3) Blockchain

Typical blockchain is open, permissionless, and immutable. Anyone can interact with it and can build over it. There are building blocks just like in Legos and one can add a block on top of another. In the same way, the very nature of openness and permissionless will allow one to build a game over another and make the gaming ecosystem interoperable.

The very concept of Metaverse will be powered by Web 3 technologies such as blockchain. Metaverse can also be thought as a virtual version of the real world. Players create avatars to virtually represent themselves and interact with places, objects, and other players. Through blockchain, items could be transferable between different games and game universes, resulting in a digital multiverse. At the same time, the gaming industry will grow along with growing number of Web 3.0 users.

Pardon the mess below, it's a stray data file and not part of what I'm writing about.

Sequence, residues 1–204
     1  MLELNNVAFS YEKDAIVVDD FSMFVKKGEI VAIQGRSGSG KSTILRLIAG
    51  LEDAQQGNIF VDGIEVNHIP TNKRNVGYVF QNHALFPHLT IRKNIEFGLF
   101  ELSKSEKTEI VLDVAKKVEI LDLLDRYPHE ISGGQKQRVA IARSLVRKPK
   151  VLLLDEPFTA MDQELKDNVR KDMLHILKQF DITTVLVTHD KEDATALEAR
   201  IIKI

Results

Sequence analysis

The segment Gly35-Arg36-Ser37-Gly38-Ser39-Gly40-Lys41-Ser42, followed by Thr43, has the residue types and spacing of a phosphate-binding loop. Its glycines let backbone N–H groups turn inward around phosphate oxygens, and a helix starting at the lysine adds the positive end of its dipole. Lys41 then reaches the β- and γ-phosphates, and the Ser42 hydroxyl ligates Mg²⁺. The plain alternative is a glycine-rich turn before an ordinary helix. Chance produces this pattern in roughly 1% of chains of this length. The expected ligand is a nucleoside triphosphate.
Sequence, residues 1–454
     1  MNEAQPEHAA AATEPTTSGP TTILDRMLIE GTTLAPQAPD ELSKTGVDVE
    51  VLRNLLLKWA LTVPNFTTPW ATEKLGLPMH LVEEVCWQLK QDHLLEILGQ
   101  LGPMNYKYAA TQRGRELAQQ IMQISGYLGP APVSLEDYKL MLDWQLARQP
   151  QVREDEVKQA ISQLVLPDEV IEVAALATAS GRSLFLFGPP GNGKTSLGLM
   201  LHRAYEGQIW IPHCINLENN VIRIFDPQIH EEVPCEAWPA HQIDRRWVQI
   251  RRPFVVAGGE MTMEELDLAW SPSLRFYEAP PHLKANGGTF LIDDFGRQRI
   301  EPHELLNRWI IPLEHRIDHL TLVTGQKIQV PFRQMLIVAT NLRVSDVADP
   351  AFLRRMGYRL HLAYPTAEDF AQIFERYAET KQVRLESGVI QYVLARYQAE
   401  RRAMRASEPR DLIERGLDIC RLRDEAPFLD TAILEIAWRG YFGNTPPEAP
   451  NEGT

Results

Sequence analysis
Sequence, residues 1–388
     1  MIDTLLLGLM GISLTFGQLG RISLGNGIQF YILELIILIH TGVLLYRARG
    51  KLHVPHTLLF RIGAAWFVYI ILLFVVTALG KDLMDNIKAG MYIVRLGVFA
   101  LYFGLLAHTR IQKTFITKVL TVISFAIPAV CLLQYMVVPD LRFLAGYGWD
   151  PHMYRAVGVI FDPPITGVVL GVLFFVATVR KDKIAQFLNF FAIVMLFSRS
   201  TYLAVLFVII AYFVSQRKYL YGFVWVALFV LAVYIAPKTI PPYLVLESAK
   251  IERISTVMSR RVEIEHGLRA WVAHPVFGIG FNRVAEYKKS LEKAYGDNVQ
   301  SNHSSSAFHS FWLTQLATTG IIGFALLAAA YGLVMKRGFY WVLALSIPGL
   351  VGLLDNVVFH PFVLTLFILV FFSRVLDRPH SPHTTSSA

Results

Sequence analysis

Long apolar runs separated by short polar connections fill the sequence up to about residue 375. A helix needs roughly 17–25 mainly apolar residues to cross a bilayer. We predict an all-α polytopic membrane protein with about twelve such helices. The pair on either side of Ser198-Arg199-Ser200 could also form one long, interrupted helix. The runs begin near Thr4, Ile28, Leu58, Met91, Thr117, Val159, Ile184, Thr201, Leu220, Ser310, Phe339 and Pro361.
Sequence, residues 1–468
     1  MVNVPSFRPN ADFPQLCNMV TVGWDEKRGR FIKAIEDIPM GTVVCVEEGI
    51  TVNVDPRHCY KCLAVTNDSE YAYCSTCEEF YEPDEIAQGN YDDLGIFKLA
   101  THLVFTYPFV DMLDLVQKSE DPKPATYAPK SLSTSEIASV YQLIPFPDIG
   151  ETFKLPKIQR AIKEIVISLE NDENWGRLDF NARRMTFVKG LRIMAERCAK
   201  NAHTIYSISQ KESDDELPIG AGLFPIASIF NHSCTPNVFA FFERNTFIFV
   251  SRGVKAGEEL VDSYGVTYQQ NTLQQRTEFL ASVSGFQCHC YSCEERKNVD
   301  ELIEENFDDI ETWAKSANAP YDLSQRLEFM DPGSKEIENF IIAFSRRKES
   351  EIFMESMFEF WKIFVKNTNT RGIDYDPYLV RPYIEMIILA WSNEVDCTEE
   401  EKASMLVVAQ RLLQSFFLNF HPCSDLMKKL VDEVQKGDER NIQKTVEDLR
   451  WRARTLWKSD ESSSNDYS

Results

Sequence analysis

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Disclaimers : This opinion piece was originally published by the author on yourstory.com which is edited and re-published here. Opinions expressed in this publication are those of the author. They do not necessarily purport to reflect the opinions or views of Shardeum foundation.

About the Author : Lakshika is an engineer turned MBA graduate (ISB- Hyderabad). Lakshika has developed keen interest in blockchain, Web3 and play-to-earn ecosystem. She currently leads strategy & marketing at two DeFi protocols – Router & Dfyn. Follow Lakshika on Twitter and Substack.